- Shopping Bag ( 0 items )
From the Publisher"[P]rovides a detailed history of the development of the film industry in Germany and in Europe as it pertains to photography, cinema, and microfilm. In particular, it covers much of the history of Zeiss Ikon, which Goldberg helped to found and where he worked until forced to flee Nazi Germany. The book provides a detailed picture of the major figures in the industry and extensive discussion of how many film technologies were developed and how they function. With more than 100 pages of reference sources listed, it is an invaluable resource on the history of film technology. It is an easy read and is impressively researched."
"More than a tribute or a history of a technology, this book is perhaps best read as a cultural history of sorts: the life story of a man and the technologies he helped to create and how both were profoundly shaped by the political and social forces of the time. The lesson implicit in Buckland's revealing narrative is that the man himself can be understood only in the context in which he was forgotten-and it is a story well worth remembering."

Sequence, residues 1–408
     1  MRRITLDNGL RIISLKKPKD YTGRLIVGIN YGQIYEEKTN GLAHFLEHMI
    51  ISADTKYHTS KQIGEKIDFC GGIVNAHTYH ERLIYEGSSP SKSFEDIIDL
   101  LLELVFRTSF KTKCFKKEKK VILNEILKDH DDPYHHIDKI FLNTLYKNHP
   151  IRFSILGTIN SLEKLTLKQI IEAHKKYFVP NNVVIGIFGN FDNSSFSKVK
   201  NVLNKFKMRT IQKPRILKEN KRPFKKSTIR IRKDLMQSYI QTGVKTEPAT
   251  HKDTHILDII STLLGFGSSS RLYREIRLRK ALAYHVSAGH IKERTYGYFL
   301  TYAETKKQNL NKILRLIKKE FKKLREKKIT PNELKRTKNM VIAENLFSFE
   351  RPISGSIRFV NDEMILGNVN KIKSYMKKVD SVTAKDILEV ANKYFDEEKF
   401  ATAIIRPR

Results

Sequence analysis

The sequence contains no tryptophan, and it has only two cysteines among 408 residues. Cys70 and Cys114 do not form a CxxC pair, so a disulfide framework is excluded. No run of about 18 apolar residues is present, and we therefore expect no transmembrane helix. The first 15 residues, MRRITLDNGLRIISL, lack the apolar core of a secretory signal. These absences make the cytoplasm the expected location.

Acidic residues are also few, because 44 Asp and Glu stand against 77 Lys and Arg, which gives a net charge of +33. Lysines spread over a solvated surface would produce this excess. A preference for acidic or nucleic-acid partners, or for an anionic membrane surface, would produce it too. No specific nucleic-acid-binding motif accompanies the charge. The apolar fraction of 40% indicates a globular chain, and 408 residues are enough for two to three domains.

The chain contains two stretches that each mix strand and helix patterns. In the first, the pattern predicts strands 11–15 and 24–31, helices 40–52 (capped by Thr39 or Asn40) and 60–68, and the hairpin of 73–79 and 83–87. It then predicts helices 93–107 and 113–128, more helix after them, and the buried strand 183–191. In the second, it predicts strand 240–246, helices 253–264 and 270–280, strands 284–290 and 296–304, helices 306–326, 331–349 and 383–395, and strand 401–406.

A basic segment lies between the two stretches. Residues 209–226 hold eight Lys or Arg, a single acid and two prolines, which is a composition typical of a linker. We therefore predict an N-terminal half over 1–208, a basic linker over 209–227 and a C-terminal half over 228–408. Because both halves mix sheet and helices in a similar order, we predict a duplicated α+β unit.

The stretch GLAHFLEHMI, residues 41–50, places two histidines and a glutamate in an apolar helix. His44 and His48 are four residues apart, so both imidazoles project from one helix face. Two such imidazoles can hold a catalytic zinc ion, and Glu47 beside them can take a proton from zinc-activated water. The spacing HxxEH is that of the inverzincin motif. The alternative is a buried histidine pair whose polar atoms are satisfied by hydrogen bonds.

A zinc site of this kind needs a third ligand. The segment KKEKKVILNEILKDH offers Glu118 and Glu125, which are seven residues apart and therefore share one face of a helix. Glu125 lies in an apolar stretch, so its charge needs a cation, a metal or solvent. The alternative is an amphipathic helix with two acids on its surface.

Libraries & the Cultural Record
"[P]rofessor Buckland's enormous achievement in bringing to light the career of a great scientist who, like many of his German and foreign colleagues, fell victim to the nationalistic madness that virtually destroyed German culture and science between 1933 and 1945. Emanuel Goldberg has at last received the understanding and recognition that his inventive genius deserved but were not possible in his lifetime. Recommended for the libraries of schools of library and information science, for schools with graduate programs in photographic technology, and for all scholars and students of the history of library technology."
College & Research Libraries
"The story of Emanuel Goldberg offers insights into ways of handling documentary information, and still more insights into the tragic effects that social and political developments can have on our lives. We can now honour him as he deserves. And thank Michael Buckland for making this possible."
Journal of Librarianship and Information Science